TAMPA — The City Council voted Thursday to pull back about $75,000 it pledged to the Go Hillsborough transportation project.
The council voted on Sept. 3 to pay $74,985 to the engineering firm Parsons Brinckerhoff, which is managing Go Hillsborough's efforts to get public feedback on the idea of a 2016 referendum on whether to raise the sales tax to help pay for transportation projects.
But council members had second thoughts on Sept. 17 after Hillsborough officials decided to ask for an audit of Parsons Brinckerhoff's $1.35 million Go Hillsborough contract.
The county's request followed a WTSP 10News report questioning whether Tampa public relations consultant Beth Leytham tried to steer county officials toward hiring a firm like Parsons Brinckerhoff, which employs her as a subcontractor.
Leytham said she didn't, and transit supporters characterize the TV news reports and the resulting reaction as a tea party-encouraged strategy to torpedo any transit referendum.
"It's the same strategy" that undermined the Greenlight Pinellas sales tax referendum last year, Mayor Bob Buckhorn said.
The council voted 5-0 to rescind the money without discussion. Charlie Miranda and Yvonne Yolie Capin were out of the room at the time of the vote.
From Marine Corps center to park?
The council also discussed trying to acquire the Marine Corps Reserve Center site in South Tampa so the city can expand A.J. Palonis Jr. Park next door.
The center at 5121 Gandy Blvd., overlooking Tampa Bay, is the home of the 4th Assault Amphibian Battalion.
Since council member Mike Suarez suggested exploring the idea in April, city officials have learned the Marines are interested in a move, too. Consultants for the Marine Corps told the city that new amphibian vehicles made the existing reserve center problematic without a significant upgrade.
Suarez said he hopes the city could lease the 44-acre reserve center site from its owner, the Florida Department of Transportation. Ideally, he would like to expand Palonis Park's amenities and offerings, perhaps to include kayak, canoe or paddleboard rentals.
That would give paddlers another rest stop on the route from Picnic Island on the south to Cypress Point Park and Ben T. Davis Beach on the north.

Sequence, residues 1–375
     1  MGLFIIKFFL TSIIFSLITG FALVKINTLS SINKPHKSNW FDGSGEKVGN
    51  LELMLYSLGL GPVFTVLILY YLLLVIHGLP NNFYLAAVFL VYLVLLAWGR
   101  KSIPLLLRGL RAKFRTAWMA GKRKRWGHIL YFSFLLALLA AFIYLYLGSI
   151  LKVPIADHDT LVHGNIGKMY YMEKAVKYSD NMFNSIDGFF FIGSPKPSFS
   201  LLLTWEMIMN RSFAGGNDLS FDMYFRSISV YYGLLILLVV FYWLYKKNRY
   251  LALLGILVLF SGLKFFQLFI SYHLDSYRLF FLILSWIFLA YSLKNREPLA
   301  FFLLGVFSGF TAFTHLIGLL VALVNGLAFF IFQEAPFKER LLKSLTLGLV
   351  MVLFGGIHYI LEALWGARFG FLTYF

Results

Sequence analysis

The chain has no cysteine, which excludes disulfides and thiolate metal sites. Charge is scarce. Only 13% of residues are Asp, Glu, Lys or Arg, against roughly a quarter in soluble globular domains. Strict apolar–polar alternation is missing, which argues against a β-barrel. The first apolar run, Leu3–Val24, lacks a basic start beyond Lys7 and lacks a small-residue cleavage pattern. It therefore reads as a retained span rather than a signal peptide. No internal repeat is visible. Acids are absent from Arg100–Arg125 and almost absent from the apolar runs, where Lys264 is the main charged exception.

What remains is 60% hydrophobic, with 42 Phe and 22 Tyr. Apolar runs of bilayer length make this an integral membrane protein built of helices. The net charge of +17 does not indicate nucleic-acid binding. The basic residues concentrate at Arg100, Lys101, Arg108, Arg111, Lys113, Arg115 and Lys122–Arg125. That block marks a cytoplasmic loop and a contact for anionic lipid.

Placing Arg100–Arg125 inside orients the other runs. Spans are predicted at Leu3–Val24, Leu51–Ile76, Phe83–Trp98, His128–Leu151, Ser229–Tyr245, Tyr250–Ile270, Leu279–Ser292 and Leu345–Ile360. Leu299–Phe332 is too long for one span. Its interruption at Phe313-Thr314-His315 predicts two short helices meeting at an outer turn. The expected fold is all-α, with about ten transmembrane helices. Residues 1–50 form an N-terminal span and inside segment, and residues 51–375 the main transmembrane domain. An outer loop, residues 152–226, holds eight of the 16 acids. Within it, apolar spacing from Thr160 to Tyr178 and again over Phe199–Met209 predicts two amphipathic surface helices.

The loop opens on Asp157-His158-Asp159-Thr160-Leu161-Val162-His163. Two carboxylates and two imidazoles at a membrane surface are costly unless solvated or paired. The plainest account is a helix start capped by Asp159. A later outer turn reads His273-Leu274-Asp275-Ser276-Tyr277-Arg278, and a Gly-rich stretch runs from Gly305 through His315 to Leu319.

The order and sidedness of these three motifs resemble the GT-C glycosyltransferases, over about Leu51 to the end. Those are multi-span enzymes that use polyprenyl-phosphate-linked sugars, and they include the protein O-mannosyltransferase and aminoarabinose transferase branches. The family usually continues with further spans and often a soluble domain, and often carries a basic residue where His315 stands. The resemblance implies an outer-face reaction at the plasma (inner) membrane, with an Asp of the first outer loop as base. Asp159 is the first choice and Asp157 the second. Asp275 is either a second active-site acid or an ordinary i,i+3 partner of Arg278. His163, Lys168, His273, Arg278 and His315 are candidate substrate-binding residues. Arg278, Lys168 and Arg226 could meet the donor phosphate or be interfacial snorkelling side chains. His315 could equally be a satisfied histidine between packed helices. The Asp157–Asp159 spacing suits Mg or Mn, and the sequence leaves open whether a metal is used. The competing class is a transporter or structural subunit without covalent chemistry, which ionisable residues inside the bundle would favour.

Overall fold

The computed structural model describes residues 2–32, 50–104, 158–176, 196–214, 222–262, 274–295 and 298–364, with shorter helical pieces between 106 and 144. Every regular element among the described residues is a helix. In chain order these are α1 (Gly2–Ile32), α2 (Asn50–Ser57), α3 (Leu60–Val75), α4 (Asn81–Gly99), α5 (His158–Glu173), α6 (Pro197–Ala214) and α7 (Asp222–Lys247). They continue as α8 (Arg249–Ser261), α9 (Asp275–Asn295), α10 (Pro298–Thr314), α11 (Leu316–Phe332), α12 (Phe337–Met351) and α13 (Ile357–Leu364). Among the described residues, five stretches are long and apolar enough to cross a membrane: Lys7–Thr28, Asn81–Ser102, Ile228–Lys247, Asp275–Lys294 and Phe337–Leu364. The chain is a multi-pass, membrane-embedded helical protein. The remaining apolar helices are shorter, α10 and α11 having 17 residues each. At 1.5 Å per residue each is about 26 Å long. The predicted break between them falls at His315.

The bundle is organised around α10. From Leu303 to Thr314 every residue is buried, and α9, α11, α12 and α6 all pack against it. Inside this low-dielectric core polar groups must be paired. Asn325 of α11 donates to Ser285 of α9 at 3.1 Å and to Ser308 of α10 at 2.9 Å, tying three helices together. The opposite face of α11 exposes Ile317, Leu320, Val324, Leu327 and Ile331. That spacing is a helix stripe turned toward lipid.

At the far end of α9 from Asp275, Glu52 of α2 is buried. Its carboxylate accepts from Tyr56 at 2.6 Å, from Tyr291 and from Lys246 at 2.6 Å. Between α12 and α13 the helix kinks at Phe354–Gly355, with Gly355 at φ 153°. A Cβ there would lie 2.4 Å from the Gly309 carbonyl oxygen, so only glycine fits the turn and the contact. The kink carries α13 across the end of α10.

"When you're kayaking or canoeing, you need way stations," he said.
At Suarez's request, the council voted to ask Florida's congressional delegation for help moving the battalion to MacDill Air Force Base, which has indicated that there is nothing currently available for the Marine reservists' use.
Another stormwater fee being discussed
Last month, the council voted to increase the city's stormwater fee from $36 to $82 a year for the owners of medium-sized houses.
Officials say that extra money will enable them to clean out ditches, ponds, storm sewer outfalls and street gutters more often.
Still undecided is whether to create a second stormwater assessment to pay for major projects that would increase the capacity of the drainage network to move water in a big storm.
The council spent another 90 minutes on the idea Thursday, but made no decisions beyond scheduling more discussion for Nov. 19.
If approved, that new "improvement assessment" would not go into effect before 2017. It could pay for up to $251 million in new projects and eventually rise to $98 a year for medium-sized homes.
In response to questions the council asked in late August, officials said Tampa could use another method of calculating the assessment, but the one it has — based on the amount of paved surface on a piece of property — is used by 76 percent of communities around Florida.
"If we want to go a long way toward solving this problem, this is the best plan to do it," said Brad Baird, the city's administrator of public works and utility services.
But the Greater Tampa Association of Realtors came out against the idea, as did two council members.
Charlie Miranda said he would have liked to support it, but the plan just didn't accomplish enough for the money.
"I'm a tightwad," he said. "I need something that's foolproof."
Despite the need, Chairman Frank Reddick said many of his east Tampa constituents are older people on fixed incomes.
"I cannot look at those senior citizens when I sit in church and they come up to me and they say, 'Councilman, don't support this,' " he said.
Others said the city can't afford to do nothing.
"All of the issues that we all know exist are going to continue," council member Lisa Montelione said. "We've delayed and we've kicked the can down the road … and we have to address it."